AUBURN, Ala. -- Before Willie Martinez can begin the business of putting together Auburn’s secondary, he has to get a feel for the Tigers’ personnel in the defensive backfield.
Martinez took over as Auburn’s new secondary coach two weeks ago. Unlike the past three seasons, when Tommy Thigpen and Phillip Lolley split secondary duties, Martinez will oversee the entire defensive backfield.
So far, he has been able to watch film, talk to the players and oversee offseason workouts, but Martinez believes he can’t start making definite decisions until he has Auburn’s defensive backs on the field in defensive coordinator Brian VanGorder’s scheme.
“I want to go through spring ball; I want to go through the offseason stuff,” Martinez said.
“A lot of times, just watching film doesn’t really tell the whole story, really, not knowing what the game plans were all about.”
What Auburn plans to do in the secondary depends on those evaluations. Martinez tries to fit his game plans to the skills of his defensive backs, and watching film is the first step in making those plans.
“You try and figure out strengths and weaknesses,” Martinez said. “If someone does something really well but struggles in other areas, let’s figure out what he does best and put him in that position.”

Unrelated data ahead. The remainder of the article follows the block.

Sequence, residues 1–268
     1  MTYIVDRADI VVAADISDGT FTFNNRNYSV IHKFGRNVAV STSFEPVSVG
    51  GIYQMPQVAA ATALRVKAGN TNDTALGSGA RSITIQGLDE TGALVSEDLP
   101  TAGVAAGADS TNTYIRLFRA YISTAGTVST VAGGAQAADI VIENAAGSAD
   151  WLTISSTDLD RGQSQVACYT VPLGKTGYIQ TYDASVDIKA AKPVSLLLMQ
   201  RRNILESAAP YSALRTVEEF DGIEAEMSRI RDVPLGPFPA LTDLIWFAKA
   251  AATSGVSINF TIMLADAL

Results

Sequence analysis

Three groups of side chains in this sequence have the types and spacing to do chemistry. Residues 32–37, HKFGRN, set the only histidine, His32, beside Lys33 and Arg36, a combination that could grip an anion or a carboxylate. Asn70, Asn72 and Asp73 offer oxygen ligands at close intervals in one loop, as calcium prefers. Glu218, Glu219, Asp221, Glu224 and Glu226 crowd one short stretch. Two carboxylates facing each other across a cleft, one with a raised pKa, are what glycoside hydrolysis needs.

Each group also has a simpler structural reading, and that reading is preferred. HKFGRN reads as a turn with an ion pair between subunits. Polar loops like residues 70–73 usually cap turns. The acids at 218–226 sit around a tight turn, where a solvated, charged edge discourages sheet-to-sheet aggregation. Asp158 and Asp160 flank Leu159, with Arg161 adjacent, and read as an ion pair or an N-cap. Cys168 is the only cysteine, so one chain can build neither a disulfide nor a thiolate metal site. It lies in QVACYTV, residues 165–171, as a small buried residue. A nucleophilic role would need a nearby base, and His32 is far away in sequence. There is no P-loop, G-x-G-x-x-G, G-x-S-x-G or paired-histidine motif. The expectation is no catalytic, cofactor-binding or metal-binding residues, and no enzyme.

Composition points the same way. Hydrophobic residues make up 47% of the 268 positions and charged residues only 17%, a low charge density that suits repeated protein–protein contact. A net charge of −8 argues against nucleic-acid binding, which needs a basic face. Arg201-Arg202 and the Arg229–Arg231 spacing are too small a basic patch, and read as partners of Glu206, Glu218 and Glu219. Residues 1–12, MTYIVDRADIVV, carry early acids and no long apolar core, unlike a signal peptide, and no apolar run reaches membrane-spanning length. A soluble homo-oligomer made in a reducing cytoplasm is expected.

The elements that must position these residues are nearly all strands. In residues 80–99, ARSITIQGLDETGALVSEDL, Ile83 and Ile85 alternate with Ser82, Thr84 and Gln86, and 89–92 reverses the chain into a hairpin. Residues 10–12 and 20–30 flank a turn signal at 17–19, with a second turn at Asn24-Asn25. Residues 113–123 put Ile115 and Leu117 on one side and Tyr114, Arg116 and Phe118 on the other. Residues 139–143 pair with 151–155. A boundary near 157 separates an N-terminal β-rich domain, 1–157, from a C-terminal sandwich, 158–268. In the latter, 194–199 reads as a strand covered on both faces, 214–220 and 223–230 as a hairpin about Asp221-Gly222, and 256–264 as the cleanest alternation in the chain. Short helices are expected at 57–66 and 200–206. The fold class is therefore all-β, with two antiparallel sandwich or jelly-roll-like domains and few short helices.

Until Martinez has a feel for what the Tigers can do, he isn’t going to pin down any roles for current players.
For example, Martinez has used a system with a boundary corner -- a physical, man-to-man player who lines up on the short side of the field -- and a field corner -- usually a quicker type who lines up on the wide side and plays more zone -- but he said he won’t make that decision at Auburn until he knows his players’ capabilities.
The same goes for players changing positions. Until Martinez gets a feel for the strengths of his players in spring practice, he is not going to make major judgments.
“Everybody wants to put a player into the right spot,” Martinez said. “Schematically, we’ll do some different things than what they’ve done in the past, and maybe that means a kid moves from nickel to corner or vice versa.”
Martinez already has worked with VanGorder at four other stops, including Georgia, where Martinez served as secondary coach for four years before succeeding VanGorder as defensive coordinator.
He also worked with VanGorder at Central Michigan, Central Florida and a Florida high school early in his career.
But Martinez still faces a steep learning curve after spending the past two seasons at Oklahoma in former defensive coordinator Brent Venables’ system.
“The terminology, the verbiage, is all different, and just trying to be on the same page, that’s what’s got to happen right now,” Martinez said.
“We’re all kind of learning that.”
Martinez’s advantage in learning VanGorder’s defense is simple:
He knows the man better than anybody else on the staff.
“From the beginning, he was a very detailed, excellent teacher,” Martinez said. “Very consistent. There’s no gray area.”
Even though Martinez did not offer many specifics about what Auburn’s secondary will look like in 2012, he did say that he had a primary focus for the defensive backs -- a focus that hits right in the center of most of Auburn’s problems in the secondary during the past three seasons.
“The No. 1 job in the secondary -- and this is not an earth-shattering answer -- is not to give up the explosive plays,” Martinez said. “With that, you have to be very consistent in how you prepare every day.”